What was your first day on the bench like?
It was probably a little bit anxiety-provoking, or you’re a little bit nervous. You want to make sure you do a good job. But I think once I did it, I was like, “Yeah, I made the right decision.” 

What is your favorite memory so far from being a judge?
We just did a guardianship for a family (an uncle was getting guardianship of his niece). Her mom had died and her aunt had died and her uncle was winning guardianship over her and she’s old enough to consent. They came to the hearing and talked about, obviously, the trauma that they both went through, because the uncle lost his wife and then the mom was the sister to his wife. So they had suffered some really hard traumas, but they were both very happy that they had each other, and he was bragging about how she had done at the choir concert and she’s a talented singer. This is really, really special to see that kind of tragedy, and they were making the best of that situation and they had each other. So that just stands out in my mind. You don’t always get happy hearings — and it wasn’t necessarily happy, it came out of their trauma — but they were happy together and that was what was best for her. And so that was a pretty neat day.

Since you are new to your bench, are there things you might want to change?
I think every judge probably has their own thoughts on what should be or how you should do things. The judge before me, she still does senior judge work in the court when I need her and she’s had some cases that she kept, and so she’s always available if I need anything. But, I mean, I think I’m different than her, so the things that I do and that I want are different than what she did. I’m looking at potentially a problem-solving court or other alternatives of things. Right now we’ve been focused on our courthouse safety plan. They mandated that, and when I came in it wasn’t done, so we have until October to get that completed. We’re required to have a committee. I’ve been working with the committee to try to get our plan up to date and in place. So that’s been a big project that I’ve taken on since I came on the bench.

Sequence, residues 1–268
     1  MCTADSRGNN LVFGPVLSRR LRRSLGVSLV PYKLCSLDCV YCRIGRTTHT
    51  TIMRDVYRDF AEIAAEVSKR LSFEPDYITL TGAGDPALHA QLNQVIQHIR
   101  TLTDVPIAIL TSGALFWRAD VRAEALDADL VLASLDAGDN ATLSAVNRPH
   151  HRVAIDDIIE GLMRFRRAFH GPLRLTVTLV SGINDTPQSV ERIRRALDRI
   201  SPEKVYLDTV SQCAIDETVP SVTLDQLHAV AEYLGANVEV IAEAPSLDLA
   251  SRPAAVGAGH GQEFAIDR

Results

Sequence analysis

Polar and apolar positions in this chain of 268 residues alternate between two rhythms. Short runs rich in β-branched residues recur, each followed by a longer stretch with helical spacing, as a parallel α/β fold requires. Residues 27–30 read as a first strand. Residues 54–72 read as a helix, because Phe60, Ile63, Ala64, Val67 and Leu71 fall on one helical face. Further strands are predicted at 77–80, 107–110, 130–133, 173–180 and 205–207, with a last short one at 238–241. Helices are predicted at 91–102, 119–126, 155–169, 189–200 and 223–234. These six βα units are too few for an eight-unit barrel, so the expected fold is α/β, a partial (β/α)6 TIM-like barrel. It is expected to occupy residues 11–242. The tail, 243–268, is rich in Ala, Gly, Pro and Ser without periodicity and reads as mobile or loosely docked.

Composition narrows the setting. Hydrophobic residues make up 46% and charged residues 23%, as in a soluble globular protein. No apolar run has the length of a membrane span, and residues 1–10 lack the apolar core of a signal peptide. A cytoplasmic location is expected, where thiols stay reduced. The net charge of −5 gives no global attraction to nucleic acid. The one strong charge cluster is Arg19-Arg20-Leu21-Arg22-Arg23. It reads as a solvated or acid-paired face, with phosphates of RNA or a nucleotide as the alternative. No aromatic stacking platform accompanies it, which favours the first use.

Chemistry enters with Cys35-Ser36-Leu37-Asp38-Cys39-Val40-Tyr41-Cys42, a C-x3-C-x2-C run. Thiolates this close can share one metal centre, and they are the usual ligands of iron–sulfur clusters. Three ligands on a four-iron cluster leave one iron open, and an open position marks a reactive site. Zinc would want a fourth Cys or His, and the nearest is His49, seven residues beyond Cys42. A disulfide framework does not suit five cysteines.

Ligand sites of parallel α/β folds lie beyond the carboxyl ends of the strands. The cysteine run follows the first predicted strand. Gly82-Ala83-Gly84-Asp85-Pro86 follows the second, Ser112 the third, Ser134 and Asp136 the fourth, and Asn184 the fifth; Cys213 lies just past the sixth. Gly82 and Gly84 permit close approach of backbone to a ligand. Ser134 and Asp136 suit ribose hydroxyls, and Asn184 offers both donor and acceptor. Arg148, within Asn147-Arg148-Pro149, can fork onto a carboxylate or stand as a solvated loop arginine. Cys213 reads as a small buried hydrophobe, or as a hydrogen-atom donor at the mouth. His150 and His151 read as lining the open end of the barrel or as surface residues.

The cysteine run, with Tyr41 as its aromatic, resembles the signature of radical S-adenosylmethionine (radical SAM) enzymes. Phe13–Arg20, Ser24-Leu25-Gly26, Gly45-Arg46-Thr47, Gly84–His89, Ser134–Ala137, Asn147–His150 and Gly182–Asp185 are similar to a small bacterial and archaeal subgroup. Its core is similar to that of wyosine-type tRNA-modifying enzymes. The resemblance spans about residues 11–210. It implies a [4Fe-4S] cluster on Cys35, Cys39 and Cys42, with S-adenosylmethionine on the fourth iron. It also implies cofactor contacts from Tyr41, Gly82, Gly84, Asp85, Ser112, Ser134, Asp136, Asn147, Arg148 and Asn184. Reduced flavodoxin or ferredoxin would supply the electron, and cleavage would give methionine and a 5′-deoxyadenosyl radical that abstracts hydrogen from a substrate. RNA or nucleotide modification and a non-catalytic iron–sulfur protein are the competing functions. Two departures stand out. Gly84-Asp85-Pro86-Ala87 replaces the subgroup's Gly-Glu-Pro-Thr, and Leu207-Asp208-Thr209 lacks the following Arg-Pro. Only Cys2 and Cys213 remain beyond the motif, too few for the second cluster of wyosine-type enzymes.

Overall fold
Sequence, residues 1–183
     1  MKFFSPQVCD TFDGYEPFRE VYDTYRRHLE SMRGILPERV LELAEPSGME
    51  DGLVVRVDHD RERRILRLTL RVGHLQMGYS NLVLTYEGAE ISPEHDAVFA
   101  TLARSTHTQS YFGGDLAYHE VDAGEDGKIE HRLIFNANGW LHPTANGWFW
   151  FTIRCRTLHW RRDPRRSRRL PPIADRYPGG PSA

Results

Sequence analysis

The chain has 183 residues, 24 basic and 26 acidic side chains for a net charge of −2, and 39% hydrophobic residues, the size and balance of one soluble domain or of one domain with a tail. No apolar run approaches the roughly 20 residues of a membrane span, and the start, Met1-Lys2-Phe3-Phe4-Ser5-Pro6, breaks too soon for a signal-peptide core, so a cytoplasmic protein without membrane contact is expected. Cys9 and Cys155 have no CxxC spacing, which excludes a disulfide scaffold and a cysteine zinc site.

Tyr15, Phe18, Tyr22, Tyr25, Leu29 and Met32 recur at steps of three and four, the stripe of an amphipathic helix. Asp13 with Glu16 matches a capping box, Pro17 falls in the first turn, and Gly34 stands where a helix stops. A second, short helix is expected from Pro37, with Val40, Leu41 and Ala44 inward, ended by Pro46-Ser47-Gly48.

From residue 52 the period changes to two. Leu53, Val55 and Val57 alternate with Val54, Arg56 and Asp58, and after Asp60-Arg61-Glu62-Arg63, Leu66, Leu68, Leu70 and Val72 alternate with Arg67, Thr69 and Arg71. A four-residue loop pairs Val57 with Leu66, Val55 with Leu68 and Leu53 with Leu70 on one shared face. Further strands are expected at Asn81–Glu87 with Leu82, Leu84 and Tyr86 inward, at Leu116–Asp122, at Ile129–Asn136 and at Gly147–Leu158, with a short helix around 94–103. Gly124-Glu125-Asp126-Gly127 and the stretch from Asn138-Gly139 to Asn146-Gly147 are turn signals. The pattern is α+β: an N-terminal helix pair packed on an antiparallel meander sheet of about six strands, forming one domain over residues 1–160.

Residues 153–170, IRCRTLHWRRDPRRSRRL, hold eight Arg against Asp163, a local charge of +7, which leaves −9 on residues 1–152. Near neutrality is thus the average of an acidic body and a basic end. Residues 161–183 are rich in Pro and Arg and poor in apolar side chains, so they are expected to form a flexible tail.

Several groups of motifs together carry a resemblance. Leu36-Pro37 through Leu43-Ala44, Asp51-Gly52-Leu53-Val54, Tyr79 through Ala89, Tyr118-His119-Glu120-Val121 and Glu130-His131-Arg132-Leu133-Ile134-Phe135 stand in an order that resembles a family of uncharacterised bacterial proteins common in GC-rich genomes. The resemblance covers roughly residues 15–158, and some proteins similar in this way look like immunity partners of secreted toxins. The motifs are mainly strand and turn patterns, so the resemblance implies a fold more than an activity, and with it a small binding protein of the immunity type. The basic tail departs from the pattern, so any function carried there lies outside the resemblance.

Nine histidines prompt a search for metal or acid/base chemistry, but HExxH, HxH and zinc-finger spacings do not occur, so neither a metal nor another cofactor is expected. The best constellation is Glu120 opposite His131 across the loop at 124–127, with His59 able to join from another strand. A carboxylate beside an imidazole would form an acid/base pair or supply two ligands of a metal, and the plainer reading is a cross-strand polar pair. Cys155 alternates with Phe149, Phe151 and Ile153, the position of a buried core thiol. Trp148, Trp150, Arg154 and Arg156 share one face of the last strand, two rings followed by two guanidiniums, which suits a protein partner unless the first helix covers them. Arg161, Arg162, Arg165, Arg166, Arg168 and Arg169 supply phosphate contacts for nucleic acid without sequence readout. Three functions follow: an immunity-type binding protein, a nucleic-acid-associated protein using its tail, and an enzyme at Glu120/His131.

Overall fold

Is there anything else you would like to add that I didn’t ask you?
My sister’s an attorney. She came in and worked with me. She went to law school after I was practicing, and she went to law school and now she’s come back to the county and she took over the law practice that I had. I was happy that we didn’t have to lose an attorney, because it’s hard in a rural county to have lots of attorneys. She kept a practice and has maintained that.

Is there anyone else in your family who is also an attorney?
I have a couple of cousins that are. Nobody was an attorney in my family before I went to law school. It’s like all my cousins, that same generation of cousins, we were all similar in age when we went. There were not a lot of female attorneys in our county when I started practicing. There was a female judge and that was the only person in our county that practiced before me. She was the sitting judge at the time. When I opened my practice, I was one of the only female attorneys in the county when I started in 2012.•

Please enable JavaScript to view this content.

{{ articles_remaining }}
Free {{ article_text }} Remaining
{{ articles_remaining }}
Free {{ article_text }} Remaining Article limit resets on
{{ count_down }}